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Mills v. Liberty Mutual Insurance Co.

United States District Court, E.D. Missouri, Eastern Division

May 10, 2017

ROGER MILLS, JR., Plaintiff,
v.
LIBERTY MUTUAL INSURANCE COMPANY, Defendant.

          MEMORANDUM AND ORDER

          JOHN A. ROSS UNITED STATES DISTRICT JUDGE.

         This matter is before the Court on final unresolved issues concerning Plaintiff Roger Mills, Jr's March 6, 2017 Motion to Compel (Doc. 26). On April 24, 2017, the Court entered an Order (Doc. 35) that, among other directives, held the motion in abeyance to the extent it sought documents from the claim file for which Defendant had asserted privilege, pending an in camera review of the documents. The Court has performed an in camera review of those documents and, for the following reasons, the Court will deny Plaintiff's Motion to Compel to the extent it seeks an order compelling Defendant to produce certain documents created in relation to Plaintiff's insurance claim.

         Discussion

         Federal Rule of Civil Procedure 26 governs discovery in civil cases. Specifically Rule 26(b) provides that “[p]arties may obtain discovery regarding any matter, not privileged, that is relevant to the claim or defense of any party”. Fed.R.Civ.P. 26(b). The rule also places certain requirements on the party claiming the privilege. “[I]t is the long established rule that confidential communications between an attorney and his client are absolutely privileged from disclosure against the will of the client.” Diversified Industries, Inc. v. Meradith, 572 F.2d 596, 601 (8th Cir. 1977). A second rule, applicable to the case at bar, “is that information or materials assembled by or for a person in anticipation of litigation or in preparation for trial may be qualifiedly privileged from disclosure to an opposing party.” Id. “That rule is known as the ‘work product' rule”. Id.

         In his Motion to Compel, Plaintiff seeks a number of documents from a claim file Defendant created in relation to the motor vehicle accident giving rise to this lawsuit. Generally, “[a]n insurer's decision to decline coverage is typically the point at which the ordinary course of business ends and the anticipation of litigation begins.” Med. Protective Co. v. Bubenik, No. 4:06CV01639 ERW, 2007 WL 3026939, at *3 (E.D. Mo. Oct. 15, 2007). Defendant argues that this general principle does not supersede the protections afforded under the attorney-client privilege and work product doctrine. As a result, Defendant produced to Plaintiff redacted copies of certain documents and withheld others on the basis of those privileges. The Court has performed an in camera review of the redacted or withheld documents, including the following:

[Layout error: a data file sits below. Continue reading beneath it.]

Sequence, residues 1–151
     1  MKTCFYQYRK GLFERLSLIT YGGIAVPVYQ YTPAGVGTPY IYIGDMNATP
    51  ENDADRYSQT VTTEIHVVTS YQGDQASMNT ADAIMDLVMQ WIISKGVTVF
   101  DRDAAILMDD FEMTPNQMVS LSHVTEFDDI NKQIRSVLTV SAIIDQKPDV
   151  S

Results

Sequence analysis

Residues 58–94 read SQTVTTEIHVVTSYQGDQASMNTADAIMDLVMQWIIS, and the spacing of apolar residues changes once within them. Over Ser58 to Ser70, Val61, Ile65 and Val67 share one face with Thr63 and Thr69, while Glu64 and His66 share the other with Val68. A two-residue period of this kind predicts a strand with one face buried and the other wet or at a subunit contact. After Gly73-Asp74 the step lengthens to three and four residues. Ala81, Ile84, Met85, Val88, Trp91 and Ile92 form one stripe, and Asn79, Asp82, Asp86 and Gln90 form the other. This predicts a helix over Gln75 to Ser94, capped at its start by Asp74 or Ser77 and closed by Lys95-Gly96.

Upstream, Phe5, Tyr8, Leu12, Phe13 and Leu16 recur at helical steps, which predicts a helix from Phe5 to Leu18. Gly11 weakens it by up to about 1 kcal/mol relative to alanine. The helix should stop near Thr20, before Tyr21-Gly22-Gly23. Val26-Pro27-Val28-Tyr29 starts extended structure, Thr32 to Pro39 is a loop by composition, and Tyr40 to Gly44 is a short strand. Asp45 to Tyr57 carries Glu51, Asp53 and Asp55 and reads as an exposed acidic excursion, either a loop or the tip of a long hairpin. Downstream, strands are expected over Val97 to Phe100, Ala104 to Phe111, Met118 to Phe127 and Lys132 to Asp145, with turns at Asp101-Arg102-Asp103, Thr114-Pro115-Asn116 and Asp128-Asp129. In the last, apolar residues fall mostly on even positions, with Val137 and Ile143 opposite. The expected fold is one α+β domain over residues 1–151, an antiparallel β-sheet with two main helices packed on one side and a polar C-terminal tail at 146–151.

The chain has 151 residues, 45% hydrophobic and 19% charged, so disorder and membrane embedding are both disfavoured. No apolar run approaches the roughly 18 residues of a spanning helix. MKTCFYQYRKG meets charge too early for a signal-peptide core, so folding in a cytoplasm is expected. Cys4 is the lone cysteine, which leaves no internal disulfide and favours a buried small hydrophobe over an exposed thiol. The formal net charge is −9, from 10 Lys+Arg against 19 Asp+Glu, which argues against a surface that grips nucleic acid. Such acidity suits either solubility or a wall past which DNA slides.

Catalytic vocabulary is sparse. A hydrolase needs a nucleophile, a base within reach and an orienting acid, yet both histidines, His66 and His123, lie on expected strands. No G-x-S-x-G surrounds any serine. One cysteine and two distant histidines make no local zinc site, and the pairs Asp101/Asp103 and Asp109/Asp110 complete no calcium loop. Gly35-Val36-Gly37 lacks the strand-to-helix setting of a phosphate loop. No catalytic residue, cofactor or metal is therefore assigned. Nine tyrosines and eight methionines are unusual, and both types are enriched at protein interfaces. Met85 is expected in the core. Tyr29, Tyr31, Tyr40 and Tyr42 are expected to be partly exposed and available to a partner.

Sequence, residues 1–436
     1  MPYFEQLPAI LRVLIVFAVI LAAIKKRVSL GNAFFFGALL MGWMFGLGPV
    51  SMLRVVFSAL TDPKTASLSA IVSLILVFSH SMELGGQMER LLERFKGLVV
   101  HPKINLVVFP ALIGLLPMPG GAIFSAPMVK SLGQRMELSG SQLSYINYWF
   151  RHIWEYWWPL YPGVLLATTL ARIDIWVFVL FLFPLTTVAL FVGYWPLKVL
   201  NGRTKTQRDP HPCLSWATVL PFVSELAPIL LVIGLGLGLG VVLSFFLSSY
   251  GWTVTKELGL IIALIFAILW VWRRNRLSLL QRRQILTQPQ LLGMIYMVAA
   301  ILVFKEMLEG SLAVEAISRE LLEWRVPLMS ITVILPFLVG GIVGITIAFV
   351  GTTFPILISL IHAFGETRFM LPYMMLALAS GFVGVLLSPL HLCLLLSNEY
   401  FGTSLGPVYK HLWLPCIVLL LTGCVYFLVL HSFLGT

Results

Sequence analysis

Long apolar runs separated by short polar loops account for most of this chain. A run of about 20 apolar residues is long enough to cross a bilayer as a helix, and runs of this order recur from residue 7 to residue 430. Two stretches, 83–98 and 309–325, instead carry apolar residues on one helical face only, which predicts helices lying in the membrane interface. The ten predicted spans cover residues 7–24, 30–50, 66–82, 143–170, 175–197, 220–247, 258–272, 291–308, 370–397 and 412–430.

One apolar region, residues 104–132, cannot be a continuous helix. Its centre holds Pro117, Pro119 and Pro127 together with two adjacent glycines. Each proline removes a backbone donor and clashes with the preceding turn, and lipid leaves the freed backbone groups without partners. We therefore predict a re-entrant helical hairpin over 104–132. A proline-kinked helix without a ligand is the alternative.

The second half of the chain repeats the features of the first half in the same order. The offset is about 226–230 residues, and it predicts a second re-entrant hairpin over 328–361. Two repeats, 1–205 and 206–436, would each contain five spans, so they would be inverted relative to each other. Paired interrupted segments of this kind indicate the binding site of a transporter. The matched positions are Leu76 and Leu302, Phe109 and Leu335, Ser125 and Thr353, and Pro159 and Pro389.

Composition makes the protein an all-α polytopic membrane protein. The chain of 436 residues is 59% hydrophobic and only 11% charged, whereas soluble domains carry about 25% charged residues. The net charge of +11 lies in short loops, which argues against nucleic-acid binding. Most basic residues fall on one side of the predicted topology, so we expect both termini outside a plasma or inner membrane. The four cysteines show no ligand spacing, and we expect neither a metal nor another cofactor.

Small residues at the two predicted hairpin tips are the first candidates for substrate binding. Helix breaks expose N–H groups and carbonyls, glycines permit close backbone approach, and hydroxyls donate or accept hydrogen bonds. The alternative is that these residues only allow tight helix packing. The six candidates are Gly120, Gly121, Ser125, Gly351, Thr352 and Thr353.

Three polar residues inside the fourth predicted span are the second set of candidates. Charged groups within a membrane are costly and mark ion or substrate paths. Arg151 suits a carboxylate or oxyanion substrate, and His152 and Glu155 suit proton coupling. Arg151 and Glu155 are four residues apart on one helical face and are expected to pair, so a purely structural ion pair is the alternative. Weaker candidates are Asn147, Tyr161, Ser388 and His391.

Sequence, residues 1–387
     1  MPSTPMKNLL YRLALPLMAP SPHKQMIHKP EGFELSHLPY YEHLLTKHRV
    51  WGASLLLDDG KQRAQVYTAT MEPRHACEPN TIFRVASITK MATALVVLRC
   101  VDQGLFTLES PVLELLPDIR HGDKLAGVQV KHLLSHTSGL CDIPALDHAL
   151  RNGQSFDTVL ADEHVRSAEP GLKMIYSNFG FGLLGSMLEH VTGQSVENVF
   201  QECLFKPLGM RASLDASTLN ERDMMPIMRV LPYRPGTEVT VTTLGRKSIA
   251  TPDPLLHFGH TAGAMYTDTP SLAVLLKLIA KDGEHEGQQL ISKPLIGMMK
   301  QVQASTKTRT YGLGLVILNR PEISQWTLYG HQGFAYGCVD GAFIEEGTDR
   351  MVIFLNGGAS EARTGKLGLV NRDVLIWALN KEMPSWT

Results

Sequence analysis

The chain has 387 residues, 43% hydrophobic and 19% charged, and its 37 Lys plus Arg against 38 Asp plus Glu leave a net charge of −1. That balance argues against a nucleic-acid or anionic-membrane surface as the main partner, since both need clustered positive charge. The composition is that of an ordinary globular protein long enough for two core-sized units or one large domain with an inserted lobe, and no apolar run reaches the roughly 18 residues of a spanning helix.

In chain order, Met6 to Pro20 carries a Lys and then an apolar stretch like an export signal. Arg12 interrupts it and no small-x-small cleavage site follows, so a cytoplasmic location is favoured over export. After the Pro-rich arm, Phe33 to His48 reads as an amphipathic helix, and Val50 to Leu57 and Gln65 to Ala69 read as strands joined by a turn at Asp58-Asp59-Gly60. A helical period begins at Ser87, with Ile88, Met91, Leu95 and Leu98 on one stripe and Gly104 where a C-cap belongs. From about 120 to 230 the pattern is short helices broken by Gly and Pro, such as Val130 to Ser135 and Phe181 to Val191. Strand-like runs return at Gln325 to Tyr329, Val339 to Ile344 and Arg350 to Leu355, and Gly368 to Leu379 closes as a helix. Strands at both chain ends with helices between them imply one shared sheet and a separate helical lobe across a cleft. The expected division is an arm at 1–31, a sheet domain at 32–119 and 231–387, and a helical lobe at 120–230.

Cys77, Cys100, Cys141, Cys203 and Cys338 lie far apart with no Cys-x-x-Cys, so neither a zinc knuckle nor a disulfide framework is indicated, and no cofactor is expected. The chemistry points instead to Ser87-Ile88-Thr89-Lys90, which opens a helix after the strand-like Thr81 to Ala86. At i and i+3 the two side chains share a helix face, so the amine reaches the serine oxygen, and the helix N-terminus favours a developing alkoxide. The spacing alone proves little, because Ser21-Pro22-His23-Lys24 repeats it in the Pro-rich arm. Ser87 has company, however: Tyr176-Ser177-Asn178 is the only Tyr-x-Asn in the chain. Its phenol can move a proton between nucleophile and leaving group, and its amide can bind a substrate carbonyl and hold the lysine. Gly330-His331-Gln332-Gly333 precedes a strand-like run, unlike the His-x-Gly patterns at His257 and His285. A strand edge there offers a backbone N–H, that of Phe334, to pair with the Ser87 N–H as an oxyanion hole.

▪ Direct communications between Susan Walland, senior claims resolution specialist, and Christopher Shumate, corporate legal counsel for Defendant, and attachments;
▪ Direct communications between Christopher Shumate and defense counsel, and attachments;
▪ Direct communications, including a coverage opinion, between Robert Ford, coverage counsel for Liberty Mutual Insurance Company, and Kelly Hardy, senior claims specialist;
▪ A coverage referral form and documents summarizing coverage review;
▪ Claim file entries regarding this bad faith litigation, including entries concerning advice from coverage counsel;
▪ Portions of Plaintiffs claim file pre-dating March 24, 2015 that redact references to communications with Defendant's trial or coverage counsel;
▪ Claim file notes created after Plaintiff initiated litigation against Defendant; and
▪ Correspondence and attachments redacting personally identifiable information regarding individuals that are not parties to this litigation.

         The Court is satisfied that each of the documents it reviewed is protected by the attorney-client privilege, the work product doctrine, or was properly redacted to protect personally identifiable information. More specifically, the contents of the communications with Robert Ford show that the purpose was to obtain legal advice from outside counsel as to coverage for the claims asserted by Plaintiff. These are exactly the type of communications protected by the attorney-client privilege. See Upjohn Co. v. United States, 449 U.S. 383 (1981); Arch Coal, Inc. v. Fed. Ins. Co., No. 4:05CV00712 ERW, 2006 WL 1391317, at *1 (E.D. Mo. May 22, 2006) (“The coverage opinion constitutes a communication between an attorney and his client and is protected by the attorney-client privilege.”). Moreover, to the extent some of the documents contain communications between Defendant's employees - or are included in entries to the claim file - regarding the ...


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